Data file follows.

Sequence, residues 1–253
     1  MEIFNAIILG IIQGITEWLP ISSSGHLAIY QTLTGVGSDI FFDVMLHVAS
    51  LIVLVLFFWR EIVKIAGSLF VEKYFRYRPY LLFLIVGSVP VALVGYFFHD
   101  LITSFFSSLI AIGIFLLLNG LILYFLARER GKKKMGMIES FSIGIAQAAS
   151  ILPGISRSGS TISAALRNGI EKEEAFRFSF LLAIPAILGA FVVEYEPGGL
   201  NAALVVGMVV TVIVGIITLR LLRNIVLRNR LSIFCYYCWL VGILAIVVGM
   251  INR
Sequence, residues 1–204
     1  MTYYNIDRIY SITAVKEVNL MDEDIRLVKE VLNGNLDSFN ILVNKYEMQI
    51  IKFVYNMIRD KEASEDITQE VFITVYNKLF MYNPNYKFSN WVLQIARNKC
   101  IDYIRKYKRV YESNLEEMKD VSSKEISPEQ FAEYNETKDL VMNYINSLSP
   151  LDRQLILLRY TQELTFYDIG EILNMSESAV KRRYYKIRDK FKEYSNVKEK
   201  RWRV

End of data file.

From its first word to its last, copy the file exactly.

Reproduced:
Sequence, residues 1–253
     1  MEIFNAIILG IIQGITEWLP ISSSGHLAIY QTLTGVGSDI FFDVMLHVAS
    51  LIVLVLFFWR EIVKIAGSLF VEKYFRYRPY LLFLIVGSVP VALVGYFFHD
   101  LITSFFSSLI AIGIFLLLNG LILYFLARER GKKKMGMIES FSIGIAQAAS
   151  ILPGISRSGS TISAALRNGI EKEEAFRFSF LLAIPAILGA FVVEYEPGGL
   201  NAALVVGMVV TVIVGIITLR LLRNIVLRNR LSIFCYYCWL VGILAIVVGM
   251  INR
Sequence, residues 1–204
     1  MTYYNIDRIY SITAVKEVNL MDEDIRLVKE VLNGNLDSFN ILVNKYEMQI
    51  IKFVYNMIRD KEASEDITQE VFITVYNKLF MYNPNYKFSN WVLQIARNKC
   101  IDYIRKYKRV YESNLEEMKD VSSKEISPEQ FAEYNETKDL VMNYINSLSP
   151  LDRQLILLRY TQELTFYDIG EILNMSESAV KRRYYKIRDK FKEYSNVKEK
   201  RWRV